How To Spend Money
Economists believe there is an omnipresent hand that regulates the market place. They’ve probably made some sort of graph to support this—economists freakin’ love graphs. There are people who want to buy things and other people who want to sell things and it more or less averages out.
What this means for you is that the value of any commodity is determined by everybody. Sounds fair. You’re not everybody though. You’re reading personal development articles on the internet. You’re an outlier and knowing this can be highly beneficial for knowing where to invest your money for maximum returns on your health, profession, and relationships. For all you economists out there here’s what’s up:
When I’m indecisive about spending money I ask myself “what value would I place on this item?” The answer usually lets me know if I should part with the green. I’m a vegan who loves to cook (ladies) and does a fair bit of exercise, so health and good nutrition are things I value highly. When I’m doing my weekly food shop I’m not looking at the prices. I’m getting what I need to eat well, and to enjoy cooking and eating the meals I make. I don’t care what the numbers on the receipt are. Those numbers were put there by everybody else. That’s the value they placed on them. And they’re all a bunch of fatties who don’t care what they put in their bodies.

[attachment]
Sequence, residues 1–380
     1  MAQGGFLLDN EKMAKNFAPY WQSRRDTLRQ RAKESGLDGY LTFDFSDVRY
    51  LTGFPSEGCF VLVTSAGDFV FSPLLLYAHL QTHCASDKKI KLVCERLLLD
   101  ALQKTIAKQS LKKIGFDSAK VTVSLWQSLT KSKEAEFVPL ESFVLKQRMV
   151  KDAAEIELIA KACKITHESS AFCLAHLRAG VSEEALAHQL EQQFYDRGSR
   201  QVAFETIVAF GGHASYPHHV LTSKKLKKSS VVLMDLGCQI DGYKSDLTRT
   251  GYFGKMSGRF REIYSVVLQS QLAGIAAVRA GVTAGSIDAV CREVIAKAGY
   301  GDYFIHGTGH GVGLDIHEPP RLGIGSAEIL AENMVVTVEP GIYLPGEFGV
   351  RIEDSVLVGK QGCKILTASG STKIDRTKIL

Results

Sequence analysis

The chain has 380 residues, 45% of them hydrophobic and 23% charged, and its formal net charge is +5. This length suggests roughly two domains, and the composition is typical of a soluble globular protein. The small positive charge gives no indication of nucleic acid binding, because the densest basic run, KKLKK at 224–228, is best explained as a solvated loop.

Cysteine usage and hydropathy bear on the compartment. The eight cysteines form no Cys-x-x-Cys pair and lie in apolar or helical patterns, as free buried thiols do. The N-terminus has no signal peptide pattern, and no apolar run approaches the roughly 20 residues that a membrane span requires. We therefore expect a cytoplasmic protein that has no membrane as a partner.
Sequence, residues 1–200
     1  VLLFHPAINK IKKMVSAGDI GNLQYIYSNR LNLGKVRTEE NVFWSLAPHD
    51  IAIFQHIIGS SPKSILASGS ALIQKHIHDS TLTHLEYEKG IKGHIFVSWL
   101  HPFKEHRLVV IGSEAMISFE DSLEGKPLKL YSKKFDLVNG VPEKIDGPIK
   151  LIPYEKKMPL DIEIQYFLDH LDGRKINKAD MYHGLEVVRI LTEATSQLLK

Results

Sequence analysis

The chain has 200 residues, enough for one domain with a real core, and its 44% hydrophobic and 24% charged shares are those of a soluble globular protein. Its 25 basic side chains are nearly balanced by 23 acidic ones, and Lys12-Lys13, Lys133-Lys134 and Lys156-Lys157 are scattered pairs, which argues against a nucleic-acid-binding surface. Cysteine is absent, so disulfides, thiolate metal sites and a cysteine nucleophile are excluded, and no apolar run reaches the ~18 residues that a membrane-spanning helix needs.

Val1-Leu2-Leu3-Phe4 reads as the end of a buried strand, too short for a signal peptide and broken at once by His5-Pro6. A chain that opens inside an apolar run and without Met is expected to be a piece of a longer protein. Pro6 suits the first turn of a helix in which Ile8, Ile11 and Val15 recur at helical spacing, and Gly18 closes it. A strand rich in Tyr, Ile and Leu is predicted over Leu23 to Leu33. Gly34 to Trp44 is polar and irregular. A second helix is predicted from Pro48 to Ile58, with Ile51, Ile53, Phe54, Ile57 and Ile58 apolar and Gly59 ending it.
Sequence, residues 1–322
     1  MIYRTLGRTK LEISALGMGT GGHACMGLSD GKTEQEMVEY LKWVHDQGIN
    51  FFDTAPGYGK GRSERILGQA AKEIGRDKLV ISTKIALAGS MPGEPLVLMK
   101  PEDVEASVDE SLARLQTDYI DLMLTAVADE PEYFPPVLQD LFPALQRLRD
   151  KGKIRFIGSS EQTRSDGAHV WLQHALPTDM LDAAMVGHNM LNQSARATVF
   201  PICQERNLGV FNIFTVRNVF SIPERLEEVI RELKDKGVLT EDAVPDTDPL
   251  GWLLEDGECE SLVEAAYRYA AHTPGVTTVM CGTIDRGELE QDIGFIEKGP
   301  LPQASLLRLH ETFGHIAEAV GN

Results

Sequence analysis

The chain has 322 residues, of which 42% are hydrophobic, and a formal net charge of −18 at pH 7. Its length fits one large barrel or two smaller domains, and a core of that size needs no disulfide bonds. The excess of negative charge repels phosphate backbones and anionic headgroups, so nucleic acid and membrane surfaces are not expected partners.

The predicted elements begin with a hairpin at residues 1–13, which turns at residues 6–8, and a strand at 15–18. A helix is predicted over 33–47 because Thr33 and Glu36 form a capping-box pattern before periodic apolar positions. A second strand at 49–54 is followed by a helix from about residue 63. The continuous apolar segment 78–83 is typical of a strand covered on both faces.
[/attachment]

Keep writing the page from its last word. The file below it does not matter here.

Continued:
Predictably I end up spending more than most people in my situation, but if I was to pay a figure that I felt accurately represented the value I was getting it’d be magnitudes higher. In my mind I’m getting a really sweet deal.
I use this type of reasoning a lot. If there’s some drumming gear that needs upgrading I’ll find the hardware I want then ask for the price. If an opportunity to try something new comes up I’ll say yes and just cop the damage. These are areas where my internal value of things far exceeds the external value society has placed on them.
Back in high school I went to the local fair with a few friends. Everyone was complaining how overpriced everything was and that all the rides were a rip off. I even joined in and was very vocal about not wanting to go. Looking back now though I can remember thinking that I was actually OK with $20 roller coaster rides and $50 junk filled show bags. The half broken flickering lights, the screams from the big drop, and the sugary smells in the cool night breeze all had a very escapist movie like quality to them. I was paying for an experience and the value I place on that is basically limitless.
A story where I get fleeced
Having this attitude can lead to certain pitfalls though. One of the people who came to the fair was a girl I’d just started seeing. I decided I’d do the “guy thing” and win the biggest fuck-off huge stuffed animal I could find and surprise her with it. I managed to sneak away from the group and found an alley lined with all sorts of carnival games. Throwing balls at bottles, shooting bullets at ducks—that sort of thing. Now if you’ve read any of our quick skills articles you’ll know I have a bit of a penchant for geeky skill type activities. To say I was over-confident would be an under-statement. I eventually found what I was after: a game where you stood a few feet from a hoop that you throw balls through. Too easy, I thought…